Wolverhampton Wanderers 2-3 Aston Villa: McCarthy’s Men Grounded By Their Ex-Hero
Way back somewhere in the annuls of time; before the awe inspiring stadiums and the anti-sweat kits, before the mega millions and the sponsorship deals, before television and radio and the world wide web – back when the beautiful game was anything but. When football was little more than a pigs bladder and a muddy field, when the founding fathers sat down to discuss the soccer constitution – in those footballing scriptures it was written that an individual is destined to return to his former employer and net the winning goal… A tradition which has been handed down from generation to generation and it still prominent in the modern game.
When Robbie Keane’s first start for Aston Villa was decided to be the Wolverhampton Wanderers away fixture, it was almost like stating the bleeding obvious! The well-travelled former Wolves schoolboy turned Irish legend went Trans-Atlantic, returning from the glamorous backdrop of Hollywood to where it all began and won the game for Aston Villa with two classy strikes in this all West Midlands affair.
After lightning proved that it certainly can strike twice during two mind numbing FA cup ties with Birmingham City, (something that was borderline offensive to anyone that pays a TV licence fee) Wolves had much work to do to restore the faith that is forcibly ebbing away from their supporters. Having encouragingly proved much more difficult to beat during and since the festive period, Mick McCarthy was still looking for that 3 points that has eluded his Wolves side since that pivotal Sunderland game on December 4th and returned with the same team and personnel that earned a respectable point at Tottenham one week previous. The 4-5-1 come 4-3-3 system with Jarvis and Kightly providing support for Steven Fletcher from the wings with the combative midfield trio of Henry, Edwards and Frimpong.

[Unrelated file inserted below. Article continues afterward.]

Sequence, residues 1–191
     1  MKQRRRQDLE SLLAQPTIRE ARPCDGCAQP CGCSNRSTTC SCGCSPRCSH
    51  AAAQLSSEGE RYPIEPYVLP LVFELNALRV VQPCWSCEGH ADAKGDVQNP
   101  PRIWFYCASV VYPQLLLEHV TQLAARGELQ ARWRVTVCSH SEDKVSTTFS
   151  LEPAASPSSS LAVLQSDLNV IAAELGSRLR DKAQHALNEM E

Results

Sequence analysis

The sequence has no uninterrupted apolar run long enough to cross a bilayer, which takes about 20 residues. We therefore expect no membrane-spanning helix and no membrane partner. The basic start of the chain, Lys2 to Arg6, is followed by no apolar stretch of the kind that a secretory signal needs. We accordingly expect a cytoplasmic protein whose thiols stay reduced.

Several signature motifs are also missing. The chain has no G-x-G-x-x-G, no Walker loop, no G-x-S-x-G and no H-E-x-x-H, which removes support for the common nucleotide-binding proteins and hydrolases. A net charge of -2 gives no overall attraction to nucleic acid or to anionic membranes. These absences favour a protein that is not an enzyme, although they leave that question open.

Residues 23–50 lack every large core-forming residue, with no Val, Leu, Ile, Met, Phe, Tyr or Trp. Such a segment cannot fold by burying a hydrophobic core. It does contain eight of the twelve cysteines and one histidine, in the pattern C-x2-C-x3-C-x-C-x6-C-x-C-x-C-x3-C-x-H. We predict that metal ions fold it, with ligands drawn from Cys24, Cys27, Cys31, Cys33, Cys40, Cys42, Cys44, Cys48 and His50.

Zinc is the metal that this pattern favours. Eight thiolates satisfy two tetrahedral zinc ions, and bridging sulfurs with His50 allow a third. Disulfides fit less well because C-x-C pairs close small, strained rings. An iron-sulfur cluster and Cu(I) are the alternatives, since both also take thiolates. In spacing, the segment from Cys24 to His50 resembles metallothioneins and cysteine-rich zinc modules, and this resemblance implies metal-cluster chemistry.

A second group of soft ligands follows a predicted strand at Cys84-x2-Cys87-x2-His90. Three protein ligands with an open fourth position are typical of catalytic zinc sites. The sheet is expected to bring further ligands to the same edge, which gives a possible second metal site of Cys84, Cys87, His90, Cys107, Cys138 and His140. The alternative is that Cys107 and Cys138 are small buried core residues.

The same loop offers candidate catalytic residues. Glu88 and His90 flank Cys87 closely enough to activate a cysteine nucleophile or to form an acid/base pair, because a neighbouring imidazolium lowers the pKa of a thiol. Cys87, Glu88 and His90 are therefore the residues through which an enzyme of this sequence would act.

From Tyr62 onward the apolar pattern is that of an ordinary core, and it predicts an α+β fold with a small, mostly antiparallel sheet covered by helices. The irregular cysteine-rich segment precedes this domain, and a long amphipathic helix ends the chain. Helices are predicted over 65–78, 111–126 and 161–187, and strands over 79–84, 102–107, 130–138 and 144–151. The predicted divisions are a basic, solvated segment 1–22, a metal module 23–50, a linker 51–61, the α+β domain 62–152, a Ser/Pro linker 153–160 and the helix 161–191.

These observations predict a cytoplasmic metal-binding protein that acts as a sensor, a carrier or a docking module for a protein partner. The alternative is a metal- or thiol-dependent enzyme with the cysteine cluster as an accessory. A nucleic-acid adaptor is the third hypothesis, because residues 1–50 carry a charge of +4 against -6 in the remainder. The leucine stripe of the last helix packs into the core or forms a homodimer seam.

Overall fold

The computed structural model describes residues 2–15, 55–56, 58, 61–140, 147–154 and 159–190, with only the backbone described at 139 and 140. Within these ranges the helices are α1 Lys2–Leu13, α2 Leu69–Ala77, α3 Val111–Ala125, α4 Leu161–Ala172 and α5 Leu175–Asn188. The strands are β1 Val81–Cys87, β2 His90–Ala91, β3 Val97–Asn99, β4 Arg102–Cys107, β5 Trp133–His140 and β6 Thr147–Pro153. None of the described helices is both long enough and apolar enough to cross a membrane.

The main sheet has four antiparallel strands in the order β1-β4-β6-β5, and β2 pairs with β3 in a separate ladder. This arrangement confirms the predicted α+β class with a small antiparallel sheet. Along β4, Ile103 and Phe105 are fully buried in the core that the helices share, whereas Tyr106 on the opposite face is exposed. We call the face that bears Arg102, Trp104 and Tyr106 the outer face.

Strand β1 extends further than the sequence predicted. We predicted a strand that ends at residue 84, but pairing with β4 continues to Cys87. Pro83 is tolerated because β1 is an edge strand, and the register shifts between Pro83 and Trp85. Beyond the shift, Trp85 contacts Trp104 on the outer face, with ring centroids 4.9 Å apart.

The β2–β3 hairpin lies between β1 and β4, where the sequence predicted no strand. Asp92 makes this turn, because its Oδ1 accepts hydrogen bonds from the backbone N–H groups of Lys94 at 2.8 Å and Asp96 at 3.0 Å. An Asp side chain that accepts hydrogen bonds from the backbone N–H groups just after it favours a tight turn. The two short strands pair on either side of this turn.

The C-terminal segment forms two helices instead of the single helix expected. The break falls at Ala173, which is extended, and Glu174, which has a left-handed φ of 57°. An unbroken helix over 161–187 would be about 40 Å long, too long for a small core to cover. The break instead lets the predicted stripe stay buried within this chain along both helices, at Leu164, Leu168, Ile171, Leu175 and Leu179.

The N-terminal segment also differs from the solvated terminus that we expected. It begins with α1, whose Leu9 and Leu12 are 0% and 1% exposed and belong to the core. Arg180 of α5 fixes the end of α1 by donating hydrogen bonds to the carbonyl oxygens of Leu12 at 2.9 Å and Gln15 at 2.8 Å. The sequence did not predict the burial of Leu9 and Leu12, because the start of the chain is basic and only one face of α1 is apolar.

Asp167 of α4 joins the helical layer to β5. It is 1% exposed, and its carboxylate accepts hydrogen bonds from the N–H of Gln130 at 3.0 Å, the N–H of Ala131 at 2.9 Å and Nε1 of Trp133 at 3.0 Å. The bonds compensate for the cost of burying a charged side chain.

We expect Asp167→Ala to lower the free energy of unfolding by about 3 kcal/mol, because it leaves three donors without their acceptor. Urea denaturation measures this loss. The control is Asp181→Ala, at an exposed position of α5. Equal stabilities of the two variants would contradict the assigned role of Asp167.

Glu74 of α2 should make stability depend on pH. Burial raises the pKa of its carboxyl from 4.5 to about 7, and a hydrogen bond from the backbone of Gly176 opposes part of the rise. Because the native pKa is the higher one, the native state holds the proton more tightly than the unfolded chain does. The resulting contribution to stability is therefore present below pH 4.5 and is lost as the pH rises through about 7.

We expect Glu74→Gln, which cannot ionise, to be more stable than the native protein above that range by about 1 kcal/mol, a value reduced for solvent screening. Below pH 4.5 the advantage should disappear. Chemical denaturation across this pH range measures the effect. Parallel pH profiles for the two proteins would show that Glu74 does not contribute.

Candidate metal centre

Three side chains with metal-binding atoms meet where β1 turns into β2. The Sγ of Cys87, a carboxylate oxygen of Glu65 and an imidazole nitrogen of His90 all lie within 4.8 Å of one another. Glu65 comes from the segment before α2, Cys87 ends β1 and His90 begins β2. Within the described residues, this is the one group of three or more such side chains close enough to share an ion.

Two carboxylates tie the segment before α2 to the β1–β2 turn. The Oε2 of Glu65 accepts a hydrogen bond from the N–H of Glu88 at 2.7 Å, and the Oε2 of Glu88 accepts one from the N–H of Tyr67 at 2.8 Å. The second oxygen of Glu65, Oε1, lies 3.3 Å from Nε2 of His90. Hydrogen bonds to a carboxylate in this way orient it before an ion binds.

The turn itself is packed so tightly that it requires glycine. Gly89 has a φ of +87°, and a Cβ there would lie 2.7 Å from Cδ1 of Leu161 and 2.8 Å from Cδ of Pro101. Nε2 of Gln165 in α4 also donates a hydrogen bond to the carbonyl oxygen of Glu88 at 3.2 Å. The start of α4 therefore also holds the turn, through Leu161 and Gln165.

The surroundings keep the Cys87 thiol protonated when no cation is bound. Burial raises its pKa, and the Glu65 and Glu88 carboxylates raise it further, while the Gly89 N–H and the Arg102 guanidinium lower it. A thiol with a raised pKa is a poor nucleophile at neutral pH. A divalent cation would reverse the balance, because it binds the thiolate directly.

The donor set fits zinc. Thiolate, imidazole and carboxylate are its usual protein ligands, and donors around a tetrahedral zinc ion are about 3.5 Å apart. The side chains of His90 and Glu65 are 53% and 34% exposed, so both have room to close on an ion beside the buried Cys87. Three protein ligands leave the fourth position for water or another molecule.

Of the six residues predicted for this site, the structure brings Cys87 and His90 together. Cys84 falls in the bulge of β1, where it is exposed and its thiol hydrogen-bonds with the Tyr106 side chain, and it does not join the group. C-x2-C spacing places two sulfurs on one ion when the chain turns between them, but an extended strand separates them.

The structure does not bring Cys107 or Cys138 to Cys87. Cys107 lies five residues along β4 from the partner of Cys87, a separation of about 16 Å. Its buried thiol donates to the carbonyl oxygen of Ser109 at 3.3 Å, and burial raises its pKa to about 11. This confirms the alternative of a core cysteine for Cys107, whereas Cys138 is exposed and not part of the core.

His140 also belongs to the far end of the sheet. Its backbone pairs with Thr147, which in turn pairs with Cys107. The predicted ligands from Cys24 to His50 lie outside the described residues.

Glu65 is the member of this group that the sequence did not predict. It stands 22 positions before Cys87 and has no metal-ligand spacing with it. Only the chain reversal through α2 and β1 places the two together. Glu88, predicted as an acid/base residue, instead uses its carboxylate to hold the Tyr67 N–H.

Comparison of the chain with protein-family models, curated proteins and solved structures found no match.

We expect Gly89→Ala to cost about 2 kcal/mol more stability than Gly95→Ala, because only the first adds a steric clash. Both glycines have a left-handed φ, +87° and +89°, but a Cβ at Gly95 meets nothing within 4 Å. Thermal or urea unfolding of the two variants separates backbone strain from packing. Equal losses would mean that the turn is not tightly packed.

McCarthy’s opposite number for the day Alex McLeish is hardly flavour of the month himself. For a loyal and avid supporter of a football club, the fact that McLeish was ‘buried before he was dead’ when he joined Villa after relegating their bitter rivals Birmingham City is somewhat understandable. There remains a large number of the Claret and Blue that do not want the Scotsman to succeed purely on principle alone. The baffling inconsistency that has seen them defeat Chelsea away but lose to Swansea at home in the same week has not helped matters but is oh so frustratingly typical of the Premier League of today. Villa made clear their positive intentions finding starting roles for their three main strikers Agbonlahor, Bent and Robbie Keane all of whom have European Championship aspirations for the summer. Stephen Warnock fell victim to some recent costly errors and was replaced by youngster Ciaran Clark who was joined by another graduate of the Villa academy Gary Gardner who started in the centre of midfield.
The opening exchanges swept quietly through with little cause for concern for either side. Wayne Hennessey collected a low cross in the nick of time from the toes of Darren Bent whilst Gary Gardner headed narrowly wide as the away side looked to set the tempo. With both teams setting out similar stalls, that being a 4-3-3 when attacking and a 4-5-1 when defending, the early signs warned that they could easily cancel each other out in this important local derby.
That notion was quickly dispelled in the sixth minute as the action intensified and the game opened up. David Edwards helped on an initially poor Michael Kightly cross into the path of Steven Fletcher who from an unmarked position 6 yards out shot straight at Shay Given in a golden opportunity for the home side. The Irish number one’s handling and positioning was spot to spare his team not for the first time this season as he showed glimpses of why he is still one of the best around between the sticks.